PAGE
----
0
$\begingroup$

Show that $$\int_{S}x^2 d\sigma = \frac{a^{4} \pi}{4}$$ where $S$ is a disk of radius $a$ centered at the origin in the plane $z=0$.

Deduce that, $$\int_{S}(x^2 + y^2)d\sigma = \frac{a^4 \pi}{2},$$ And, $$ \int_{S}(x^2 + z^2)d\sigma = \int_{S}(y^2 + z^2)d\sigma = \frac{a^4 \pi}{4}$$

Know where to go with this problem after the initial setup, but as there is no height given, do you assume a height?

Also would i be correct in saying you use polar coordinates?

Thank you in advance.

$\endgroup$
5
  • $\begingroup$ Forget $z$, it is useless. You are asked to compute $$\iint_{x^2+y^2\leq a^2}x^2\,dx\,dy\qquad\text{and}\qquad \iint_{x^2+y^2\leq a^2}(x^2+y^2)\,dx\,dy$$ and they are clearly related by symmetry. $\endgroup$ Jun 8, 2017 at 0:45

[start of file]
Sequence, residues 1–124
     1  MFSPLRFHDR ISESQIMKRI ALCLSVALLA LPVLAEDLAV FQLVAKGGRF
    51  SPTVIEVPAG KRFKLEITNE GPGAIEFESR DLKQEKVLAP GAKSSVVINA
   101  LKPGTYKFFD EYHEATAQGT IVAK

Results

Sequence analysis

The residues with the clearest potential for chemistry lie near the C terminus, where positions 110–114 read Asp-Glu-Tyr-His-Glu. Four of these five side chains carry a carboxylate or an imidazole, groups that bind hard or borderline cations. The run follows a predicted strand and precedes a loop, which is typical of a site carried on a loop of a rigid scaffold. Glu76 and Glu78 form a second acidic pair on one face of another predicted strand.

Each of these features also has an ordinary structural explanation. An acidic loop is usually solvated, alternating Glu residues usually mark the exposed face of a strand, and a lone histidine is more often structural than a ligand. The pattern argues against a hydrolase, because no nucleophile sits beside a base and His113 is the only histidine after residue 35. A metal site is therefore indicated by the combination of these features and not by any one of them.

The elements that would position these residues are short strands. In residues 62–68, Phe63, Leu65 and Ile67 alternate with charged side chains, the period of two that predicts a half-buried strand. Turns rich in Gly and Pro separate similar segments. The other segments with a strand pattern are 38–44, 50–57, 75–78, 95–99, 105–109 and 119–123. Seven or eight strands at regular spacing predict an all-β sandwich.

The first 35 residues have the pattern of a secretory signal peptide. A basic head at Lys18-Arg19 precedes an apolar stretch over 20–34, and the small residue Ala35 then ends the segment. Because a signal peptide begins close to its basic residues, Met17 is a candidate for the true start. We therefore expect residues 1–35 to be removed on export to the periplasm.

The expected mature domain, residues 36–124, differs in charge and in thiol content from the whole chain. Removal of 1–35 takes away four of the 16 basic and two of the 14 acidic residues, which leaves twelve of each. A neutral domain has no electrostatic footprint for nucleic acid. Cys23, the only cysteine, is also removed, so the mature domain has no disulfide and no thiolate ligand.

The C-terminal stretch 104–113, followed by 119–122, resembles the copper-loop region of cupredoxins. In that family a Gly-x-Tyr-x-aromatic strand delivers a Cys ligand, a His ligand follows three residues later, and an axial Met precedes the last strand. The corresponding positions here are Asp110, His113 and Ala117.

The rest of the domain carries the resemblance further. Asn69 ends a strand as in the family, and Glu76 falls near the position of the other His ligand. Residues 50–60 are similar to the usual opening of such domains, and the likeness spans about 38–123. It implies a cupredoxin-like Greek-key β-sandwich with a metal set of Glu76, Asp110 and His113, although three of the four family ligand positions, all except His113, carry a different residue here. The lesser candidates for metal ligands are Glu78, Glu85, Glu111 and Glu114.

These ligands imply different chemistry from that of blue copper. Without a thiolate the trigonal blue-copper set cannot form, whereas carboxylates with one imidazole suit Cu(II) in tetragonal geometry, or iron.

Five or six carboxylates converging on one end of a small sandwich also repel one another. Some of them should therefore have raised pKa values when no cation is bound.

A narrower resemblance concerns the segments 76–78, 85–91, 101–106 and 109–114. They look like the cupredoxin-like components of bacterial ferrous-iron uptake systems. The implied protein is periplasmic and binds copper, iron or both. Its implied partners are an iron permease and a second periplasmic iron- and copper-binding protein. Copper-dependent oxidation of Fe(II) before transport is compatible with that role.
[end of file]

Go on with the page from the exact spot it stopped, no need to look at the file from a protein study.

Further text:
• $\begingroup$ You may easily solve them through polar coordinates or just by Cavalieri's principle. $\endgroup$ Jun 8, 2017 at 0:46
  • $\begingroup$ @JackD'Aurizio What would my boundaries for each integral be then in this case. I understand that the one will be $[0,2\pi]$. $\endgroup$ Jun 8, 2017 at 0:50
  • $\begingroup$ The boundaries depend on the parametrization you choose for the disk $x^2+y^2\leq a^2$. $\endgroup$ Jun 8, 2017 at 1:11
  • 1
    $\begingroup$ For instance in $$\iint_{x^2+y^2\leq a^2}x^2\,dx\,dy = \int_{-a}^{a}2\sqrt{a^2-x^2}x^2\,dx = 4a^4\int_{0}^{1}u^2\sqrt{1-u^2}\,du = \frac{\pi}{4}a^4 $$ there is no angle ranging over $[0,2\pi]$. $\endgroup$ Jun 8, 2017 at 1:14

1 Answer 1

1
$\begingroup$

With polar coordinates, the first integral becomes

$$\int_0^a\int_0^{2\pi}(r\cos (t))^2 (r)drdt $$

$$=\int_0^ar^3dr \int_0^{2\pi}\cos^2 (t)dt $$

$$=\frac {a^4}{4}\Bigl [\frac {t}{2}+\frac {1}{4}\sin(2t)\Bigr]_0^{2\pi} $$

$$\frac{\pi a^4}{4} $$

for the second, by symetry, $$\int_Sx^2d\sigma=\int_Sy^2d\sigma $$

for the third $$\int_Sz^2d\sigma =0$$

$\endgroup$

You must log in to answer this question.

Not the answer you're looking for? Browse other questions tagged .